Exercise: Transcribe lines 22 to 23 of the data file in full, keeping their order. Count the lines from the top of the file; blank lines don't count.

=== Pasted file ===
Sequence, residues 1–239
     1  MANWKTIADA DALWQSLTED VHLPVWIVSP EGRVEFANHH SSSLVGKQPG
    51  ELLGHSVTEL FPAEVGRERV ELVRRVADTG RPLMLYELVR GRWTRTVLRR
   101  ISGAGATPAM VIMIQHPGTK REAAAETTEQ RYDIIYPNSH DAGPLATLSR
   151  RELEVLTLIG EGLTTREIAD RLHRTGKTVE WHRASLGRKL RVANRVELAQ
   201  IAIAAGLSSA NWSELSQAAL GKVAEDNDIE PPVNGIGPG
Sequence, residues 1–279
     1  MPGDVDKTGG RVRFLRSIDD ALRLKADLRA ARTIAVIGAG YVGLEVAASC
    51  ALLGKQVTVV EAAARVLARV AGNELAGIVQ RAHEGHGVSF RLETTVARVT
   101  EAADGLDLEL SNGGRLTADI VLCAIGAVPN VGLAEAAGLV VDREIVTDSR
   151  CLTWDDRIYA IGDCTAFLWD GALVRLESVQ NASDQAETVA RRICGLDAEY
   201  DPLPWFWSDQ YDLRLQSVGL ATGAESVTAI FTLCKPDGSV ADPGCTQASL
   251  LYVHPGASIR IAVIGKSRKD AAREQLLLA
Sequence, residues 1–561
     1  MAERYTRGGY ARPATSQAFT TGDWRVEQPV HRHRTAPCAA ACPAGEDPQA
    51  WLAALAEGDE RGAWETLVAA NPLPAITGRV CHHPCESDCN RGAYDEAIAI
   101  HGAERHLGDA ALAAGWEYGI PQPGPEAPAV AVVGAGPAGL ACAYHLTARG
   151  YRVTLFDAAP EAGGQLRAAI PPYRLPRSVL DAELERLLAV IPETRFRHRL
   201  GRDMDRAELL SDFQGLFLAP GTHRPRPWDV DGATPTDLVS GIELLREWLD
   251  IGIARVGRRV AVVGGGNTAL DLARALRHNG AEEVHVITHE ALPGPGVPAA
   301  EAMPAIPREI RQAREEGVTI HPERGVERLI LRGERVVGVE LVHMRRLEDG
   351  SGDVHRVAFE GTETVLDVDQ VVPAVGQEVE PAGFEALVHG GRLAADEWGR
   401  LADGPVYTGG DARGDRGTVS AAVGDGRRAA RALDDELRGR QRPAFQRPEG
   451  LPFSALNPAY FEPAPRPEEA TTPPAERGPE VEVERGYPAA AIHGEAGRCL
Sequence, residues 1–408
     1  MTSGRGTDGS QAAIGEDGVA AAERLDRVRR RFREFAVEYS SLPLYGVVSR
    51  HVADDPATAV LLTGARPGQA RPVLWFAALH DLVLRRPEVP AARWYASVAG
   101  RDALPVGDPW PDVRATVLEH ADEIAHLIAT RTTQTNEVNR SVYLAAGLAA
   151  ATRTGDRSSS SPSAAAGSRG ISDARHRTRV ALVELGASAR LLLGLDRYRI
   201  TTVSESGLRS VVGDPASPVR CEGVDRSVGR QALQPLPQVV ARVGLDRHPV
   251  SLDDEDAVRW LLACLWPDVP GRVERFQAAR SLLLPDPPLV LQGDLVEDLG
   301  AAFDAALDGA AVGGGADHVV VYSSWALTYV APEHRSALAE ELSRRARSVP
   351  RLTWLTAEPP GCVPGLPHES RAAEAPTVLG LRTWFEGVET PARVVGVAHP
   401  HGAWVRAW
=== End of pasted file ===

   351  SGDVHRVAFE GTETVLDVDQ VVPAVGQEVE PAGFEALVHG GRLAADEWGR
   401  LADGPVYTGG DARGDRGTVS AAVGDGRRAA RALDDELRGR QRPAFQRPEG